Stage patter captured on vinyl matters: Here’s why
Here David Deal digs into why the stage patter buried in live vinyl albums is still so relevant today, and what it reveals about an artist and their performance style.
Guest post by David Deal of the Superhype Blog
One of the ways I learn about musicians is to pay attention to their stage patter on record albums, and fortunately the vinyl resurgence makes this particular form of immersion easy to do. On a live album, a musician’s interaction with the audience can reveal something important about the artist. On the Doors album Absolutely Live, when Jim Morrison screams “Shut up!” at a chatty audience in the middle of “When the Music’s Over,” you are hearing an important moment in Jim Morrison’s life when he was experimenting with the confrontational performance technique he’d learned at the Living Theatre in Los Angeles.
Then there’s Mick Jagger on Get Yer Ya-Ya’s Out!, teasing his audience with, “I think I busted a button on my trousers. Hope they don’t fall down. You don’t want my trousers to fall down, now do you?” This quintessential Mick Jagger moment, all ego and sexual bravado.
Sometimes stage patter becomes as memorable as the music. On One More From the Road, when Ronnie Van Zant famously asks, “What song is it you wanna hear?” the audience’s lusty “Freeeee-birrrd!” response becomes a defining moment for fan zealotry. (Whenever you hear someone at a concert jokingly shout “Freebird!” you now know where the joke originated.)
One of my favorite albums with interesting stage patter is Charley Pride’s In Person, a 1969 recording of a concert in Ft. Worth, Texas.
His personal story is one of overcoming poverty and racism on his way to becoming something very rare: a Black country music superstar. He was born to a family of poor sharecroppers in Mississippi in 1934. At age 14, he learned how to play guitar. Throughout his life, he thought his ticket out of poverty would be professional baseball, and indeed he played a considerable amount of minor league ball until an arm injury cut short his dreams. After his baseball career ended, he worked construction and unloaded coal from railroad cars in Montana, a dangerous job. Well, all this time, he was singing. And he was good at it. When he was playing ball, he sometimes sang before games, which increased attendance and earned him some additional income. After baseball, he keept at it, playing gigs in regional bars. He became good enough to land a recording contract at RCA Victor in the 1960s. RCA believed in him, but it was hard to get record promoters to play country music by a Black musician. But fortunately for Charley Pride, when his songs such as “Just Between You and Me” got played on the radio, where white listeners did not know the color of his skin, he caught fire. https://www.youtube.com/embed/1-VrQyRPXqs?feature=oembed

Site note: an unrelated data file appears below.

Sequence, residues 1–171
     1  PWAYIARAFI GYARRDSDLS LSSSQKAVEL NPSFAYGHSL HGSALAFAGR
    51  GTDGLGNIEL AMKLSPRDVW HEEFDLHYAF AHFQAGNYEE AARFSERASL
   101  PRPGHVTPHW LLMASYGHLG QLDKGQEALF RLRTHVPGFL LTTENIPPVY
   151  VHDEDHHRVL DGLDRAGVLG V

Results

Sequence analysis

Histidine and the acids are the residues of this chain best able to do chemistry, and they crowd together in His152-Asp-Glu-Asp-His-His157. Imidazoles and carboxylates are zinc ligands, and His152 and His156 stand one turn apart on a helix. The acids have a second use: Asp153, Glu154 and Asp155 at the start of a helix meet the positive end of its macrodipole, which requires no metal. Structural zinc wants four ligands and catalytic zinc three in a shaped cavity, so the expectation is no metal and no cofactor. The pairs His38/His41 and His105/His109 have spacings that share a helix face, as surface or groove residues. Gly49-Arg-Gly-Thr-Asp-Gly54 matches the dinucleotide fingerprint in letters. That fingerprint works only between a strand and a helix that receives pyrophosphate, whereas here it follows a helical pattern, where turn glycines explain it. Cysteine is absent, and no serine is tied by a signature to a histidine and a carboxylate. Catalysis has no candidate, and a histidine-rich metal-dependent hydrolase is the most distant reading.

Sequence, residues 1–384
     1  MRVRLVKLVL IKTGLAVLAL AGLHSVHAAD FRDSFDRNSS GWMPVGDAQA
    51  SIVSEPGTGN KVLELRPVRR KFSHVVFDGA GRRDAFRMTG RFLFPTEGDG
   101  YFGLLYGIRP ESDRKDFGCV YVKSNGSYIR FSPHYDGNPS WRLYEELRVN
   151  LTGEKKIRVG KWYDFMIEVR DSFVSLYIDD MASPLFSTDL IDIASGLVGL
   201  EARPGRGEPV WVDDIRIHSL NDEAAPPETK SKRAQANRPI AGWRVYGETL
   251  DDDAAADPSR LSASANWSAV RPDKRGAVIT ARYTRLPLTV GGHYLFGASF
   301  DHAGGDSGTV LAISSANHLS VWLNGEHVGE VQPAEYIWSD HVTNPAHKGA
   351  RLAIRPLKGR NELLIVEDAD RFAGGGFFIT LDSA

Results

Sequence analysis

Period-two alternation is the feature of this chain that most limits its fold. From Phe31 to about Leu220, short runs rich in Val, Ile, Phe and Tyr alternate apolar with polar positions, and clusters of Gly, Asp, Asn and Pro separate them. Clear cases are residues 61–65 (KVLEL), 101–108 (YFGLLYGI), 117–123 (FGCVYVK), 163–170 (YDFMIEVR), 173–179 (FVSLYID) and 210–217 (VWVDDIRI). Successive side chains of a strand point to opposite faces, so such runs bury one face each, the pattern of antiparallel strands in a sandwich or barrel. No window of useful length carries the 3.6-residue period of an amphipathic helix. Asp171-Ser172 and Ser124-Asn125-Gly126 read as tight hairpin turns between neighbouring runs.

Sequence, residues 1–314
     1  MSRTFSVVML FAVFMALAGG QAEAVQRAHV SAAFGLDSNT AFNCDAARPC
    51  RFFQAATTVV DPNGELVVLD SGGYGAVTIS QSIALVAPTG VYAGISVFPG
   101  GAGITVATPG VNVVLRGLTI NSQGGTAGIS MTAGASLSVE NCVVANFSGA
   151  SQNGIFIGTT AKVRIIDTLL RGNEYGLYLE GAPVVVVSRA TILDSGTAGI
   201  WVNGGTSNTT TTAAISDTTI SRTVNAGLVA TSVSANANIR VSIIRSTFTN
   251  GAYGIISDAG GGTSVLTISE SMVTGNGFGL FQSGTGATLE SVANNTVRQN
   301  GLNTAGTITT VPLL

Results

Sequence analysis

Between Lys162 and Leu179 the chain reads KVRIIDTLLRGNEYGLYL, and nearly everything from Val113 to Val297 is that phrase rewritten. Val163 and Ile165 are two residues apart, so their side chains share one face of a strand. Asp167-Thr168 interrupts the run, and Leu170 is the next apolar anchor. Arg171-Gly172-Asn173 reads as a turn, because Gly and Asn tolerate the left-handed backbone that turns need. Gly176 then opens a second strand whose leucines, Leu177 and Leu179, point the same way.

As his popularity rose, he started to perform live to white audiences who were in for quite a surprise when a Black man walked onstage to sing the songs that they’d fallen in love with. The audience did not always welcome you with open arms. But he quickly won them over with his charm and enormous talent. The album In Person captures the essence of Charley Pride – his easygoing singing style and his warmth. “Oh, you’re mighty fine,” he says from time to time, acknowledging the enthusiastic applause. (It’s clear his audience loves him.) During two important moments, he also reveals profound truths about his difficult past. Before he launches into the rollicking “Shutters and Boards,” he says, gently, “I’ll tell you, it’s getting a little warm up here, but I’ll guarantee, I’d rather be seating up here than picking that cotton in Mississippi.” If you’re distracted, while you’re listening you might miss the remark – but when you hear it, you think of the album in an entirely new context. That one remark says everything about where he’s been and his motivation for succeeding. And then, before the final song on the album, “Cotton Fields,” he makes that motivation even more clear when he introduces the song. He says “Cotton Fields” is personally important to him because “It reminds me of what I never want to go back to doing. It hurts my fingers, my back, and my knee. When I go onstage, I try to sing the best I can, because I don’t want to go back to doing it anymore.”
For Charley Pride, there was no going back. He would go on to record 52 top-10 hits on the Billboard Hot Country Songs chart, and 30 of those made it to Number One. After he became an undisputed star, he most certainly put his life on the line performing in Belfast at the height of the Troubles in 1976 – at a time when it was too dangerous for anyone to travel there to perform. That’s the kind of man Charley Pride was. Brave enough to risk his safety to perform his music. Brave enough to travel down the lonely road of becoming a Black country singer. Brave enough to open up about himself onstage. He was inducted into the Country Music Hall of Fame in 2000. In 2020, he died at age 86 of complications from Covid-19.